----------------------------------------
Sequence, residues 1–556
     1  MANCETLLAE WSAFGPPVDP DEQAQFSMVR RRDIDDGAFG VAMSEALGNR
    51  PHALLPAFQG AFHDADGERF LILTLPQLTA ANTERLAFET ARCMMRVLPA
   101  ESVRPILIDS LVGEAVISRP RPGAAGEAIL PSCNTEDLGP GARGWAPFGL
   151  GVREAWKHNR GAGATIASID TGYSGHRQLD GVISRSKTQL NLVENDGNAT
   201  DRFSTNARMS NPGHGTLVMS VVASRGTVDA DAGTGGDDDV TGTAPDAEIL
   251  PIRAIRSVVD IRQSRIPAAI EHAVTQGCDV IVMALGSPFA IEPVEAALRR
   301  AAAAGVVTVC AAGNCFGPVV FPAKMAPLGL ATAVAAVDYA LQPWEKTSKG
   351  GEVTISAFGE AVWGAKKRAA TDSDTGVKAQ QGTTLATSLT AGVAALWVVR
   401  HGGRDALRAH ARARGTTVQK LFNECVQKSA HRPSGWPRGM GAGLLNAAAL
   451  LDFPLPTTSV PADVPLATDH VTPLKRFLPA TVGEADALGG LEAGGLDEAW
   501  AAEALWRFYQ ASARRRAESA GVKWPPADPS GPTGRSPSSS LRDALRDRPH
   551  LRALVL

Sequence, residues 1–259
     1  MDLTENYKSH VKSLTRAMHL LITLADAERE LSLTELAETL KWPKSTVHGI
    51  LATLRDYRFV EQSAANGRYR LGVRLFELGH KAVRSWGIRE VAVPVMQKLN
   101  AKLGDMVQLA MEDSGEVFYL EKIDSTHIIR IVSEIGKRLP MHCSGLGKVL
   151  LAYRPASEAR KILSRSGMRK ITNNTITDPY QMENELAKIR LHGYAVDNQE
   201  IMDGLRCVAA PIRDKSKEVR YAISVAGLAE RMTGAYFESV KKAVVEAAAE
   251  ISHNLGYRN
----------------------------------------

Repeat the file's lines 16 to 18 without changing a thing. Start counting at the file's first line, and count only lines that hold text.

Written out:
    51  LATLRDYRFV EQSAANGRYR LGVRLFELGH KAVRSWGIRE VAVPVMQKLN
   101  AKLGDMVQLA MEDSGEVFYL EKIDSTHIIR IVSEIGKRLP MHCSGLGKVL
   151  LAYRPASEAR KILSRSGMRK ITNNTITDPY QMENELAKIR LHGYAVDNQE